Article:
Like we’ve mentioned in previous blogs, we have a love-hate relationship with flashcards. They are really helpful tools when used correctly.
However, if you fail to use flashcards effectively, they can also be seriously detrimental. Consider these four big reasons you need to use flashcards effectively:
- Flashcards take loads of time to create. I personally have the long process of making multiple flashcards for every quiz. It’s tedious. It’s long. And sometimes it doesn’t seem to pay off.
- Flashcards can actually work against some of your brain’s natural functioning. Things like “visual memory” are hampered when you try to memorize single facts by themselves. You need connected ideas to be able to memorize effectively.
- I tend to lose things that size and shape. (I don’t think I need to explain this.)
- You can feel like you’ve done more than you’ve actually done by simply making flashcards. You’ll have piles upon piles of individual facts. Having that info in one place is helpful. Having it randomly disconnected isn’t particularly helpful.
So, parents — assuming your middle school or high school student uses flashcards regularly — what’s your response? Do you just let them roll with it? Well, yes and no. Overall, flashcards are a great strategy when used as a review strategy in the right setting. We just want to keep them from being used ineffectively.Flashcards are a great strategy when used as a review strategy in the right setting... but not always...Click To Tweet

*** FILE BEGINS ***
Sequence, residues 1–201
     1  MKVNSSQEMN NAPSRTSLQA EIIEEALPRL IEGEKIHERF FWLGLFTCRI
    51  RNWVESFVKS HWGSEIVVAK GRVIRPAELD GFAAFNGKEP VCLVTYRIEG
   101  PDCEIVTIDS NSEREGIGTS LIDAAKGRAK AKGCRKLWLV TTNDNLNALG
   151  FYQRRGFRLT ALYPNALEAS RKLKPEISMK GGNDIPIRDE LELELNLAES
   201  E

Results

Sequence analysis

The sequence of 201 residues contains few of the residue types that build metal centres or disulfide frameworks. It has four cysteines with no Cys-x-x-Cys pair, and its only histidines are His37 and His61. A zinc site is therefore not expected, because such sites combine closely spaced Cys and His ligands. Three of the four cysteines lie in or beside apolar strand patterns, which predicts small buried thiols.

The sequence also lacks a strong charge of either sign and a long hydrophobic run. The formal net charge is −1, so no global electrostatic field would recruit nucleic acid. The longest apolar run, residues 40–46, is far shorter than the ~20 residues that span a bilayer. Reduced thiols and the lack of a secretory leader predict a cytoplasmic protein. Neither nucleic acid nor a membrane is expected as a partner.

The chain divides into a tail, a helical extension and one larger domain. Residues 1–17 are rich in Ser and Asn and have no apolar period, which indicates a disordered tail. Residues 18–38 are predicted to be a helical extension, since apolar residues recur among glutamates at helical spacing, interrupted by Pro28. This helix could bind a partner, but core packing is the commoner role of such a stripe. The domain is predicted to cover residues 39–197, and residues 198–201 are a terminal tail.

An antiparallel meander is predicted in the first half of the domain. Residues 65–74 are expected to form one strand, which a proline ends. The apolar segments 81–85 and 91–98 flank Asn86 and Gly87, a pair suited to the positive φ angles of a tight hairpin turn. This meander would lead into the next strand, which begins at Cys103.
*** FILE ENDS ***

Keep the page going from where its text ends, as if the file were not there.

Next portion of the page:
Check out these three ways parents can encourage their students to use flashcards effectively:
1. Use flashcards as a second or third review strategy
Flashcards are effective when you’ve already covered information in some way. They aren’t as effective in a first-time learning experience. Great learning realizes your brain learns through connection. Flashcards lack that connection, so they should be used initially.
2. Use flashcards as measure of your student’s readiness for a test
Flashcards tell students what they have and haven’t memorized well. They are good indicators of readiness for a test — assuming the test consists primarily of objective questions (like multiple choice or matching).
If you have an essay on a test, flashcards aren’t as effective in getting you prepped. Why? Because essays test how well you understand how details fit together to explain an overall movement or idea. If you can’t put all of those flashcards together in some kind of order, they’re not super helpful.
3. Encourage your students to gamify their flashcards
Studying can get rather dull at times. You want your students as excited as they’ll ever be if they are going to get the most out of their flashcard study time. Try helping them make a game of it. (AKA – “Gamify”)
Do you have other suggestions about how to best use flashcards? We’re taking the conversation to social media — tweet @studyright with your flashcard suggestions. We’re looking forward to hearing them!